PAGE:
Iron Prince by Bryce O’Connor
Abandoned by his parents and weak from illness, Reidon Ward’s future looked bleak. But when artificial intelligence takes an interest in him, his world is turned upside down. His time at one of the top military academies in the world kick-starts his journey. This is the story of how Reidon Ward became a god.
Iron Prince is a lesser-known novel but has received a solid 5-star rating on Amazon.
Harry Potter by J.K. Rowling
As he enters the magical world for himself, he must fulfill expectations, battling dragons, ferocious wizards, and other magical creatures just to survive his school years. As he finds out more about his family’s past and the wizard who murdered his parents, Harry realizes that he has put himself and his surrounding friends in grave danger.
Frequently Asked Questions
What categorizes a book as ‘fantasy’?
The genre typically encapsulates books that have no scientific basis. They will use supernatural elements or magic as the foundation for their worlds and include various species that do not exist in the real world, like dragons or elves.
What are the benefits of reading fantasy books?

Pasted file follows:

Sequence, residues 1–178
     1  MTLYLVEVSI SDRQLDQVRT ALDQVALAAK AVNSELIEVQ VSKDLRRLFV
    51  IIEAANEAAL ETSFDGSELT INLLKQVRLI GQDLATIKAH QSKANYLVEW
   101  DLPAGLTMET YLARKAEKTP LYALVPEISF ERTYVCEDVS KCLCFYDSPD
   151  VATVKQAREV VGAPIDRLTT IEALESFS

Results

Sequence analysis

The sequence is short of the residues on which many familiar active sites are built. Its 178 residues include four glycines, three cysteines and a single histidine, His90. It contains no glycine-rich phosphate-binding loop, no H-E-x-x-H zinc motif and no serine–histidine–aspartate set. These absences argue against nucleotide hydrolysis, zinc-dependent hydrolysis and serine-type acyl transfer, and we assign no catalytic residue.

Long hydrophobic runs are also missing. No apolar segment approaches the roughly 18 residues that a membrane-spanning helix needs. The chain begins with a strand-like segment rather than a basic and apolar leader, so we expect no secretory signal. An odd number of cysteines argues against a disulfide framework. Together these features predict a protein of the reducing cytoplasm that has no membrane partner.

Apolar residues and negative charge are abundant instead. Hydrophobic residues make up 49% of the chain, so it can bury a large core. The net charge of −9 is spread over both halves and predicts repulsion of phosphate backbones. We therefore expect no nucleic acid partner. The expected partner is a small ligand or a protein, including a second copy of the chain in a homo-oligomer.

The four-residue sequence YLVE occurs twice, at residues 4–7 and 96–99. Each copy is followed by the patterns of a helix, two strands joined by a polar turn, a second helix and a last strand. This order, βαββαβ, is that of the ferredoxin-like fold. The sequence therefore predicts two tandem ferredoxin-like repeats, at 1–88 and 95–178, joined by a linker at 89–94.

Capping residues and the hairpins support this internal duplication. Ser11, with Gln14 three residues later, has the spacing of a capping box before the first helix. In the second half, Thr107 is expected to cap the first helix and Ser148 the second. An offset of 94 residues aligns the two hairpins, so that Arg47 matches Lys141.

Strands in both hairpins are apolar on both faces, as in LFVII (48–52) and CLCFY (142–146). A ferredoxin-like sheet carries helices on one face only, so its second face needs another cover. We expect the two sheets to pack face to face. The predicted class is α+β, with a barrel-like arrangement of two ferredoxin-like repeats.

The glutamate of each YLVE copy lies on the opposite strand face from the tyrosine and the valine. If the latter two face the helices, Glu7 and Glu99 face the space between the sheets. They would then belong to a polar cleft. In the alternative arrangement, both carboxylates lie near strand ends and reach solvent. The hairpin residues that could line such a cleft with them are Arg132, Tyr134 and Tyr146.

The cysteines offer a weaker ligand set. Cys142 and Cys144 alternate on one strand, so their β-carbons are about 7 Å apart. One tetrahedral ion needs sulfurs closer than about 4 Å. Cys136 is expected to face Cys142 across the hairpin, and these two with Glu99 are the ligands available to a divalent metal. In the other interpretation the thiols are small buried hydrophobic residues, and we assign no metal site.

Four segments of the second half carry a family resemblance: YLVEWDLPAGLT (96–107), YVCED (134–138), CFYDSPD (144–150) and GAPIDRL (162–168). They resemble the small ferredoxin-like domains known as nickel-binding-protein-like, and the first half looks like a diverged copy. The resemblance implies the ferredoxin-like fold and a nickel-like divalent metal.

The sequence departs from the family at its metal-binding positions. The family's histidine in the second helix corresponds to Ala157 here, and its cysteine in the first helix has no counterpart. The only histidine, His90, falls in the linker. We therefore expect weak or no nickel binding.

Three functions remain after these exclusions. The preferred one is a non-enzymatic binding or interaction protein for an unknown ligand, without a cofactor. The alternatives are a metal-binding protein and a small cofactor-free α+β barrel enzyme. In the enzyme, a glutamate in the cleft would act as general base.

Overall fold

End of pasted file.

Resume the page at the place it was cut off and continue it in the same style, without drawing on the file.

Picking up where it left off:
It has been scientifically proven that reading fantasy can boost creativity and increase the reader’s range of vocabulary.
What was the first fantasy book ever written?
Jonathan Swift, famous for Gulliver’s Travels (1726) is considered one of the first novels to include fantastical elements in the western world.
Why is fantasy less read than other forms of fiction?
Some people find fantastical books hard to relate to because they do not deal with stories in the real world.
Who is the best fantasy writer?
This depends on preference, but the most famous fantasy stories were written by J.R.R. Tolkien with his The Lord of the Rings trilogy and J.K. Rowling, who famously wrote the Harry Potter series.